New York State Child Victims Act: Justice at Last?
Recently, New York state legislature resoundingly passed the New York Child Victims Act, which creates a window for child sexual abuse victims to file claims. The move is a victory for survivors and advocates who toiled for more than a decade to push it through despite opposition from entities ranging from the insurance industry to private schools to the Catholic Church. Gov. Andrew Cuomo signed the bill into law recently, making it official statute.
About the New York Child Victims Act
New York’s previous statute of limitations for childhood sexual abuse required that criminal and civil charges be brought before survivors turned 23. Under the new law, survivors abused before 18 years old will have until their 28th birthday to bring criminal charges and until their 55th birthday to sue for civil actions. The bill also includes a year-long “look-back window,” during which claims of all ages and time scales can be revived.
After foundering for 13 years during a protracted battle with powerful opposing interests, the bill was passed with every Republican and Democratic senator voting in its favor and the Assembly passing it 130-3.
Why It Matters
The extended statute of limitations is important because childhood victims often need more time to disclose their abuse due in many cases to prolonged or delayed trauma. Furthermore, advocates propose that the bill will also help raise understanding of and awareness about the prevalence of child sexual abuse.
“We have this silent pandemic in this country. We didn’t really understand that this was everywhere,” Child USA CEO Marci Hamilton told CNN.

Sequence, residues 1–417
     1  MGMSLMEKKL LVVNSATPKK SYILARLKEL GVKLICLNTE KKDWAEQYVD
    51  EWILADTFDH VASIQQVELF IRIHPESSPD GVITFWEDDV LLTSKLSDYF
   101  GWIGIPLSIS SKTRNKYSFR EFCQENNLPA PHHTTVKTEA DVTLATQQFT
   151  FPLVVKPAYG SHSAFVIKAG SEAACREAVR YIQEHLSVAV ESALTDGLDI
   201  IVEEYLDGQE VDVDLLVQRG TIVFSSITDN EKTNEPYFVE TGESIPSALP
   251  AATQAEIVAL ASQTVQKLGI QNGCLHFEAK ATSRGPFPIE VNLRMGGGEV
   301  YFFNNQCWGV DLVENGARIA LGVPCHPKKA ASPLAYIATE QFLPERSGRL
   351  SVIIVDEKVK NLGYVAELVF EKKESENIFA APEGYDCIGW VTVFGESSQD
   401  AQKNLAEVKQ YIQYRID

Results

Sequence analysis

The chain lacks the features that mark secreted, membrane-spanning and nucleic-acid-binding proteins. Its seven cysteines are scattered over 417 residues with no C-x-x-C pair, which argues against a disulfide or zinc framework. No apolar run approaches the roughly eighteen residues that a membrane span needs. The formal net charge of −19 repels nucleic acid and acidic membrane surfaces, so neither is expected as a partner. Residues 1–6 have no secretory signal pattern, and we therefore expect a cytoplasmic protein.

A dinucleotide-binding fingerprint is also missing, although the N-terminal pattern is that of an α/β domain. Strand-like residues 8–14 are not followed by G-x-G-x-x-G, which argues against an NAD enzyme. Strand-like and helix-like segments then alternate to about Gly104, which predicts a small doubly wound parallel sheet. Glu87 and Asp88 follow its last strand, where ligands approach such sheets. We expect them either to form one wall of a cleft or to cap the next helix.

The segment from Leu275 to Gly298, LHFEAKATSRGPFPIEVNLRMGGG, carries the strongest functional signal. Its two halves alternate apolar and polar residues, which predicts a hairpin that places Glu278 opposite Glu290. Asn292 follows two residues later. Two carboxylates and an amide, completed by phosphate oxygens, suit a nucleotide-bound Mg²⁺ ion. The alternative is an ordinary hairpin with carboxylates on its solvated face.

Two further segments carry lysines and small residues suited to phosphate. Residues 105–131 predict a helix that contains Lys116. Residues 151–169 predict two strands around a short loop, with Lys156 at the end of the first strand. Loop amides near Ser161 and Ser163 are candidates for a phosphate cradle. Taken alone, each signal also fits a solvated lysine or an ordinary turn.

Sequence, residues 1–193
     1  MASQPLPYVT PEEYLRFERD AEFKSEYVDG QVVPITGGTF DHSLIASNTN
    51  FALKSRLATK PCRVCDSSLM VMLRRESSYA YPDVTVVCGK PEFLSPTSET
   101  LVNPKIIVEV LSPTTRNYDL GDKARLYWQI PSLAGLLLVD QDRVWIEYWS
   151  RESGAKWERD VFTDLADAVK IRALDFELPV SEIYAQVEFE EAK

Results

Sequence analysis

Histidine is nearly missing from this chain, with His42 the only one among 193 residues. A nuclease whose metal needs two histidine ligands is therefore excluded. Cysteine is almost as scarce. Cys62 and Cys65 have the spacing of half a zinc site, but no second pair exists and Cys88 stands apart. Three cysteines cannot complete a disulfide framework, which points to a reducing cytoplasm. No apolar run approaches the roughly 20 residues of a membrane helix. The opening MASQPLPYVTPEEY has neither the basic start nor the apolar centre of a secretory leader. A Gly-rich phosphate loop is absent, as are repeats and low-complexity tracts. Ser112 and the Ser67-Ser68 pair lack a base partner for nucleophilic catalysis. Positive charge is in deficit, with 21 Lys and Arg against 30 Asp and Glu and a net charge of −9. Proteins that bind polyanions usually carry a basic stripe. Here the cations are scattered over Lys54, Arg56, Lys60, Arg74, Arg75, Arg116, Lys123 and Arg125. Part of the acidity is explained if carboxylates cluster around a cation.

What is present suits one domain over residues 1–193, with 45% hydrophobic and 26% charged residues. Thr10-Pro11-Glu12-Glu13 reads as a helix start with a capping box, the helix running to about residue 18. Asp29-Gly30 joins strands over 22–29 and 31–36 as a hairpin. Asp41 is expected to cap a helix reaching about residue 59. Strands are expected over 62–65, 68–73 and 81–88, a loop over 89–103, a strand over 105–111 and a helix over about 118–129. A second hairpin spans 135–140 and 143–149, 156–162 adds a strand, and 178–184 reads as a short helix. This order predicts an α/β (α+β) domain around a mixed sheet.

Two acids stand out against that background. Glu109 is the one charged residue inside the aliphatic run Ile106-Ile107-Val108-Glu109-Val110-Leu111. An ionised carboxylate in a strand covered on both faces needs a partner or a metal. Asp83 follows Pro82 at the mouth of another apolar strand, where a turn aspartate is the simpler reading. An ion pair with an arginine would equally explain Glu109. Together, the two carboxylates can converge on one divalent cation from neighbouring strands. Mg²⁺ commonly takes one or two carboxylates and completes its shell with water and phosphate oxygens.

After battling so long for vindication, survivors from all over the state gathered in the Capitol last month to celebrate their triumph. Assemblywoman Linda Rosenthal, who was one of the bill’s sponsors, thanked them for their work during a news conference following the vote, “You have bared your pain for 13 years,” she said at a press conference. “You will be able to name your abuser. The institutions that harbored them. And moved them among other institutions so they could harm other children.”
Paving the Way
Prior to the passage of the New York Child Victims Act, the state’s stance on protection for child victims was among the nation’s most restrictive. Now, it’s in the top half of states for victim advocacy.
With several other states currently considering similar legislation, the hope is that New York will serve as an example and inspiration. New York Society for the Prevention of Cruelty to Children director of government relations and administration Stephen Forrester told CNN, “The fact that New York has stepped up and vastly improved its statute of limitations, it helps to pave the way for other states who haven’t yet taken steps to improve their statute of limitations.”
Forrester also heralded the significance of the one-year window permitting all victims to come forward.
“That’s an aspect that really goes a long way at restoring justice,” he said.
Certainly, the Child Victims Act’s ostensible success is cause for celebration. Survivor and advocate Brian R. Toale told the New York Times, “It gives meaning and purpose to everything I and my fellow survivors have gone through.”
Our attorneys are actively investigating legal action against organizations which failed to prevent child sexual abuse, including religious institutions, scouting organizations, and summer camps in New York State. Contact us to learn your rights and potentially get compensation.